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Constructing Quality Test Questions

The Grade III Test Constructors of DepEd - San Felipe, Zambales namely Mrs. Marites A. Trapsi, Master Teacher I; Mrs. Marilyn F. Funiestas, Teacher III; Ms. Ronalee A. Rosales, Teacher I; and Mrs. Daisy F. Piocos, Master Teacher I.

The Grade III Test Constructors of DepEd - San Felipe, Zambales namely Mrs. Marites A. Trapsi, Master Teacher I; Mrs. Marilyn F. Funiestas, Teacher III; Ms. Ronalee A. Rosales, Teacher I; and Mrs. Daisy F. Piocos, Master Teacher I.

Quarterly evaluation is approaching quickly. In this connection, let me ask you the following frequently asked questions: (1) Did you start planning and framing your test questions? (2) Are you trying to take advantage of the previous test questions? By the way, I asked these questions because of their importance to this article "Constructing Quality Test Questions."

There are several ways to enhance the consistency of the classroom examination. What we need is a re-examination of the topics we need to consider so that we can be aware of what is appropriate given the type of learners in the 21st century.

First, prepare a test blueprint.

The test blueprint refers to the table of specification that we usually do as we plan for our test. This acts as a tool that guides teachers on the material and number of test items in each learning objective. It also increases the validity of the analysis of the test results. One way to ensure the validity of the test results is to match the number of days of teaching the basic learning competence with the number of test items. For example, "recognize numeral 0-10" is the learning competence. This skill has been taught for nine days. The question is, how many test items are we going to create if we have 45 days as a cumulative number of days that we actually taught before the test period and our test item is 30 days? Teachers need to decide on this matter in order to build relevant test questions.

In addition, the table of specification outlines the type of reasoning skills to be tested. By simply looking at our specification table, we can quickly recognize the various learning abilities that we are trying to assess. This also acts as the framework of the pointers to review for the quarter concerned.

Second, match question type to the level of learning targets desired.

The construction of a specific question should be consistent with the test blueprint. We should stop posing a question that is unrelated to the learning competence. Going back to the ability listed above: remember the number 0-10. The query "Which of the following number is read as eleven?" is irrelevant to the ability.

In certain cases, this is the weakest ability of the teachers in the construction of the test. There are some evaluation elements that are not associated with learning abilities. As a result, because of these irrelevant questions, learners tend to get low grades. School heads, therefore, need to provide technical assistance to these teachers so that they can come up with good quality test questions.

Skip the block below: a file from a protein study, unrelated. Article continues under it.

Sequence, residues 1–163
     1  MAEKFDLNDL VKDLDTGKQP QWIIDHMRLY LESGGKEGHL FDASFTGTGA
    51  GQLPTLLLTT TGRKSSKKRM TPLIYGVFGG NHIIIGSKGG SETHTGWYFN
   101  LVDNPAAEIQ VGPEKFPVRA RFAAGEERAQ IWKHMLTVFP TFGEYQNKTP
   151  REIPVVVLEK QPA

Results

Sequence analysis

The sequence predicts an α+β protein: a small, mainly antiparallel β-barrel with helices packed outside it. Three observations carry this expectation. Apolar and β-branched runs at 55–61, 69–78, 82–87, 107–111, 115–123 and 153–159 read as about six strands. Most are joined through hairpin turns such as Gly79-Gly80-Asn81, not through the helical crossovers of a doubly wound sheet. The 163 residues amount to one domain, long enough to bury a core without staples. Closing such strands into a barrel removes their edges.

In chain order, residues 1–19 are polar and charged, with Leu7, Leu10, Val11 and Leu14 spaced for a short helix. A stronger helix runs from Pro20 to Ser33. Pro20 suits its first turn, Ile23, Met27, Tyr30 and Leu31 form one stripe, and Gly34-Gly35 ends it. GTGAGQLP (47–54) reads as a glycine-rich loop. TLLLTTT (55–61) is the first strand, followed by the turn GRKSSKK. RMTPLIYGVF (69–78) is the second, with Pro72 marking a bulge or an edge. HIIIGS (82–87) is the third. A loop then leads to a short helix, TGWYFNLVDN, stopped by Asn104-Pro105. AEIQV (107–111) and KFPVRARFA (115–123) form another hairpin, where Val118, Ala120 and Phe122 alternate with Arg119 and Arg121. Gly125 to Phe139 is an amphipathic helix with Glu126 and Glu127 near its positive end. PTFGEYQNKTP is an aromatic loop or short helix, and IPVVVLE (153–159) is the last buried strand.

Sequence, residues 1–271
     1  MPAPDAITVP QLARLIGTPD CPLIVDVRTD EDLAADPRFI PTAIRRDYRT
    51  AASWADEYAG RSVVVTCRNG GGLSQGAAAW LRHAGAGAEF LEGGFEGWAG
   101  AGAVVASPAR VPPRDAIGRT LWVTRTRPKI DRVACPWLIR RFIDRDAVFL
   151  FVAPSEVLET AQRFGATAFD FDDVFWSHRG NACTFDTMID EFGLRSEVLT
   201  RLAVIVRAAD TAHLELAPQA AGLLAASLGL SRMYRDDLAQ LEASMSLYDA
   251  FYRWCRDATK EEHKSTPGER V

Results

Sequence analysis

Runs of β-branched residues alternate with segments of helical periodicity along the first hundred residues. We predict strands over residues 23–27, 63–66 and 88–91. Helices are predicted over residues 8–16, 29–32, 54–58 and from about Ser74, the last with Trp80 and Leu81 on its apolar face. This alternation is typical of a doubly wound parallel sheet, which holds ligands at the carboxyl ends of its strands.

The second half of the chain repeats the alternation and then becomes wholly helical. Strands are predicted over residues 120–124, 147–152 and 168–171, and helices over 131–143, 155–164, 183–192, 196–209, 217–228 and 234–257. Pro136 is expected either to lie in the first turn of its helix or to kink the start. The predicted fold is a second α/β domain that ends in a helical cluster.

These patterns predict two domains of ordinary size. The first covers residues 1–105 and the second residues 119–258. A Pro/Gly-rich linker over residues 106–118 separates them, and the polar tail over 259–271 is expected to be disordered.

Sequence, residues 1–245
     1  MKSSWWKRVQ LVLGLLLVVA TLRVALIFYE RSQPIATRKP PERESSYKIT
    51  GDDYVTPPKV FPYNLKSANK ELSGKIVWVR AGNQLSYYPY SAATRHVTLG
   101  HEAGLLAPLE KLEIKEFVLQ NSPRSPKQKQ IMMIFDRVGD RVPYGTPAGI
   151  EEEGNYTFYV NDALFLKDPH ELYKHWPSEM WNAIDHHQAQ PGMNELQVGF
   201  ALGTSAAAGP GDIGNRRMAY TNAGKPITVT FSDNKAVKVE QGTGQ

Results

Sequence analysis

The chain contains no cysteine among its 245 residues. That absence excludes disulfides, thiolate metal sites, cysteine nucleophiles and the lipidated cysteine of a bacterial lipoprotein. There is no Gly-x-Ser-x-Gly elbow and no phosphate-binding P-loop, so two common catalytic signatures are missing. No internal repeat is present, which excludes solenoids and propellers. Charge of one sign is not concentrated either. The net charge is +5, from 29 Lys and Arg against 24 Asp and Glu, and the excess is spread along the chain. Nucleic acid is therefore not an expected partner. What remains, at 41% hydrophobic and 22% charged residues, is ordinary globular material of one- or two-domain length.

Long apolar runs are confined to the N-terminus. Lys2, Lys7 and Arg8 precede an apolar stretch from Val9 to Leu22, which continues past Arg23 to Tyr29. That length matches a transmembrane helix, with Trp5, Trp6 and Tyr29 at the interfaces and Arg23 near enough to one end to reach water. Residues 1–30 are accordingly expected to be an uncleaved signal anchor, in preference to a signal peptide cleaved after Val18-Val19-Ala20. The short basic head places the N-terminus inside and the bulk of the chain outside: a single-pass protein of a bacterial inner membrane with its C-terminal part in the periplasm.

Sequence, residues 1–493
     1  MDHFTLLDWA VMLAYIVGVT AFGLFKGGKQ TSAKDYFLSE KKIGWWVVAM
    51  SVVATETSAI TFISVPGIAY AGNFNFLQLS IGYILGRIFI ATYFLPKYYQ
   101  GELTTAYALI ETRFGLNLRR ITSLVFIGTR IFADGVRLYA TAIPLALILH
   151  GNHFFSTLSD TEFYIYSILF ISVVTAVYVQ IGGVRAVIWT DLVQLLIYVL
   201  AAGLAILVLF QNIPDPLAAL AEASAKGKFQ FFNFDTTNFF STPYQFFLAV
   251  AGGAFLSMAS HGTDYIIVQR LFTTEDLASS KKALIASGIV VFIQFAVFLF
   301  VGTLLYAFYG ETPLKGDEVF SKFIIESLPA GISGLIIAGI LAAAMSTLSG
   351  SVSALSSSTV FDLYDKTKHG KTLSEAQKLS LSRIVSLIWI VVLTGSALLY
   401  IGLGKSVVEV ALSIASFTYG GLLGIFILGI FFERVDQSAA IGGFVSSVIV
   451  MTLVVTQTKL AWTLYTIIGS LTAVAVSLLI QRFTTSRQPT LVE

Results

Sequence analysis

Third, construct questions carefully.

We need to be very careful about our issue. The most critical aspect of creating a query is the collection of words. The vocabulary that we are going to use should be at the level of the learners. Evitate the use of high-sounding words particularly for Grade One class. Learners will never understand what we're trying to ask if we're going to use hyperbolic terms. For an instance, in the ability we use, the question "Which cipher is one?" is already beyond the level of the learners.

In addition, close attention should be paid to distractors or alternatives in writing. This should be our practice to frame the multiple-choice test form. The selection must be linked to each other in order for the pupils to think objectively before giving or writing their final response. As an example, "What is the place value of one in fifteen?" The options include ten, tens, tenth, and tenths. In the example given, it can be seen that the options are connected to each other. So, the learners need to think first, before they give their final response.

Moving on, the tests most of the teachers used are the preferred response and the designed response. In the selected response, learners are required to pick possible answers from the predetermined list. It involves several options, true or false, and a matching type. Furthermore, it is considered to be less difficult in terms of the thinking skills needed to respond to them.

The built response tests the capacity of learners to communicate effectively. It includes completion, extended response, and essay.

With this knowledge, the test builders will have the clues to frame their test questions. There is also confidence that the issues they are building are of quality as they consider all these things.